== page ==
“There simply isn’t any safe place for [firefighters] to work”
Above: Pioneer Fire August 31, 2016. InciWeb photo.
The Regional Director of Fire and Aviation for the U.S. Forest Service’s Northern Region, Sue Stewart, distributed a three-page document on August 31, 2016 describing the background and status of the Pioneer Fire that as of September 2 has burned 180,000 acres in central Idaho. Below are two excerpts. You can view the full document here.
“The Pioneer Fire on the Boise National Forest started on July 18th, and despite our best efforts it escaped our initial attack. Six weeks later, on August 31st, the fire is 157,000 acres and still spreading to the north. There is about 350 miles of fire perimeter, with 182 miles of completed fireline. Here are the things it’s important to understand about our management of this fire:
1. Our initial attack was immediate and aggressive. Here’s the narrative statement that reports our initial response on July 18th:
The Pioneer Fire was reported at 1717 hours to Boise Dispatch by the lead plane assigned to the Casner Fire while it was returning to Boise Airport. The initial fire size-up from the lead plane was 1 to 1.5 acres in continuous fuels. No structures in the immediate area of the fire and poor road access. The fire was initial attacked by one air attack, one lead plane, four helicopters, one heavy air tanker, two single engine air tankers, 11 smoke jumpers, Boise Hotshots, Crew 11, Engine 412, one wet patrol unit, and a fire investigator.
At 1804 hours dispatch received an update that the fire was increasing in size. The first resource on scene was Boise BLM Helitack at 1810 hours. They immediately ordered a heavy air tanker, two single engine air tankers, two type 2 helicopters, and one type 1 helicopter for the fire. The helitack crew was unable to find a landing site near the fire area. They flew to Idaho City Airstrip to put on a bucket for water drops and returned to the fire.
At 1841 hours dispatch received another update that the fire was five acres, growing, burning in timber, torching, and crowning flame lengths. By 1906 hours the fire was reported between 15 and 20 acres, spotting, with uphill runs. The fire was reported to be 30 acres by air attack at 2004 hours. Later, air attack reported the fire 100 acres with group tree torching at 2127 hours.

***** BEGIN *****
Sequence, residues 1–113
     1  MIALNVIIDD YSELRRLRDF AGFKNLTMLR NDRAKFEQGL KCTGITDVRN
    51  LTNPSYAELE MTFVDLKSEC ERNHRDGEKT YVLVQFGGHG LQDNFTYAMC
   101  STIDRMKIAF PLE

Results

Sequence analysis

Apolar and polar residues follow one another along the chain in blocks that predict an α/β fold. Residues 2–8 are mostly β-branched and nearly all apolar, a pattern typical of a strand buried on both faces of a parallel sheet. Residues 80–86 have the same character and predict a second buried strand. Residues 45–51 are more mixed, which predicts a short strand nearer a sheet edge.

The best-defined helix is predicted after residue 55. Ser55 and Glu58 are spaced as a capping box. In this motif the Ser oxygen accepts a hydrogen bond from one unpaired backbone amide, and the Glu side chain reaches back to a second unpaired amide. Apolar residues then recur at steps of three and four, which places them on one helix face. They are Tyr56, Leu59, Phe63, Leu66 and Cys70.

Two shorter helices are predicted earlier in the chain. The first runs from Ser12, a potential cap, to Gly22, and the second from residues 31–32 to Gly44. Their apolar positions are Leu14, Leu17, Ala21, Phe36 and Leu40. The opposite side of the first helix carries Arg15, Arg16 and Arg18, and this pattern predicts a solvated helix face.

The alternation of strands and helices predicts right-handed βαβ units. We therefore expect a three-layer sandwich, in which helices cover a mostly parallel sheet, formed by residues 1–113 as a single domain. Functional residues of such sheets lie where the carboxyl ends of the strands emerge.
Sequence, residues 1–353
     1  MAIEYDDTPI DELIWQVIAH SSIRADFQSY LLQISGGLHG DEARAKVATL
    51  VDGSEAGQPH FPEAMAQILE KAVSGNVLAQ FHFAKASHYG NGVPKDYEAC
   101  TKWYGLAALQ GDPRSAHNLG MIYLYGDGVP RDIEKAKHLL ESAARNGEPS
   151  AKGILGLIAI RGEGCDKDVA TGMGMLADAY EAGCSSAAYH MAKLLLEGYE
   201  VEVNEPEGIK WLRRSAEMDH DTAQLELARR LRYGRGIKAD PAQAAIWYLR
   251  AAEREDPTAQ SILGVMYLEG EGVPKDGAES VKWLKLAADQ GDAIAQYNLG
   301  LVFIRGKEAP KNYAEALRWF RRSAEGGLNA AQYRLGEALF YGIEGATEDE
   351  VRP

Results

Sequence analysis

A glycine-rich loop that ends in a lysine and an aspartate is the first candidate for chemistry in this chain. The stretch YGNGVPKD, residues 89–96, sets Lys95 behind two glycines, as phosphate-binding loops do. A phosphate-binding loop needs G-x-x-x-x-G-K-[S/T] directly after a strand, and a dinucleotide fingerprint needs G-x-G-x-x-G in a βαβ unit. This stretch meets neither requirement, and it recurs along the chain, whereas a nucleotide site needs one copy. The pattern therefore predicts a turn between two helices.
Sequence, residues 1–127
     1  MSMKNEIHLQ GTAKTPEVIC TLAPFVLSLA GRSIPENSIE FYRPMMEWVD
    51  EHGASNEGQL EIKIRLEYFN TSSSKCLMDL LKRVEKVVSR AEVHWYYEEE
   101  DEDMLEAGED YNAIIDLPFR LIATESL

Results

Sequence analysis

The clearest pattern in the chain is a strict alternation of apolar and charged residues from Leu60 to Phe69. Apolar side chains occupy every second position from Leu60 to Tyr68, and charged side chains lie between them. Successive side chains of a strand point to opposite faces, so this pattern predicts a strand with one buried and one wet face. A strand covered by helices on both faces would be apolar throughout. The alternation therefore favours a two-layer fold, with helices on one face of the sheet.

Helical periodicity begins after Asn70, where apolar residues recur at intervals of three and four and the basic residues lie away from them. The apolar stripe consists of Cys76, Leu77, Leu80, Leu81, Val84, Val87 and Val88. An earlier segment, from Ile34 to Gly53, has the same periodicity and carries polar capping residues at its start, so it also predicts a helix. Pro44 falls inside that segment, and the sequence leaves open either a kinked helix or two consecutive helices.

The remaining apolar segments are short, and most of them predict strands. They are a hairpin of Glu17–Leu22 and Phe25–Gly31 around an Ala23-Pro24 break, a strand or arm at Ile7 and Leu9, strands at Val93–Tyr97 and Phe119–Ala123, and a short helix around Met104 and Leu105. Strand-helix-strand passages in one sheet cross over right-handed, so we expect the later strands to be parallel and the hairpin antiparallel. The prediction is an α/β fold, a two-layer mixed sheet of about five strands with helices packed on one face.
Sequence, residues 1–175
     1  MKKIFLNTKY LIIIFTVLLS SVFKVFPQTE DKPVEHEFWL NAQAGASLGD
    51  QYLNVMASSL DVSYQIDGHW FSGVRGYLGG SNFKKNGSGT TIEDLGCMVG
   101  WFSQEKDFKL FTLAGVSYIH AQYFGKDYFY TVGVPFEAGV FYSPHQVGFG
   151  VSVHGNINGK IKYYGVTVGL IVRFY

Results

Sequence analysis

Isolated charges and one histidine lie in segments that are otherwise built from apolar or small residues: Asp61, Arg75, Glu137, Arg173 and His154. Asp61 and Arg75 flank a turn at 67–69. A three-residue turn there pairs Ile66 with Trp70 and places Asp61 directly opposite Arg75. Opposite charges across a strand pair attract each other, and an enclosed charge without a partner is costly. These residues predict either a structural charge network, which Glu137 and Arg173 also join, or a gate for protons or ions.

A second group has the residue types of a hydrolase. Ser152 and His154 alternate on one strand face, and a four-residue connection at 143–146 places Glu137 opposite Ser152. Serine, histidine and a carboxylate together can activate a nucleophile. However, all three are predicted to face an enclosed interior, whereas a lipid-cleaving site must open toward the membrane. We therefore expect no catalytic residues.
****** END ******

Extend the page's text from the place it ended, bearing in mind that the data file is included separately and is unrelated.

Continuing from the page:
At 2207 hours the type 3 incident commander ordered additional resources to the fire. The order included, one additional type 2 helicopter, four type 1 crews, three type 2 IA crews, five type 4 engines, two water tenders and two dozers for the next day.
The cause of the Pioneer Fire is under investigation. The origin of the fire was located on Boise National Forest in Forest Service fire protection at T7N, R6E, section 16.
Reports that heavy air tankers were sitting unordered and unused while the fire was attacked by single engine air tankers are incorrect. We only had access to one of them, the other was on a mandatory day off. (Pilots are required to stand down to rest for safety one day each week during which time critical maintenance is taken care of on those heavily used aircraft.) The initial response was commensurate with the challenges the fire presented at IA, and we launched the heavy air tanker right away.
9. If we could put this fire out without compromising the safety of our firefighters and aviators we would do so. We will not put people in harm’s way without safety zones in which they can seek refuge from extreme fire behavior, and so as the fire continues to move to the north toward the Deadwood Reservoir and into some more remote terrain our suppression investments will decline significantly commensurate with values at risk from the fire.
In the past week as the fire has moved past locations where we might reasonably and safely check its progress, we have scaled back our workforce. There are just half the numbers of firefighters as there were last week; there simply isn’t any safe place for them to work and so we are able to redirect firefighters to other incidents where they can make a difference. As the Pioneer Fire bumps into old fire scars, however, we have opportunities in the altered fuels to stop its progress and we will be taking advantage of those opportunities. A projected containment date in October is not giving up – it’s simply being realistic about what we can do safely.”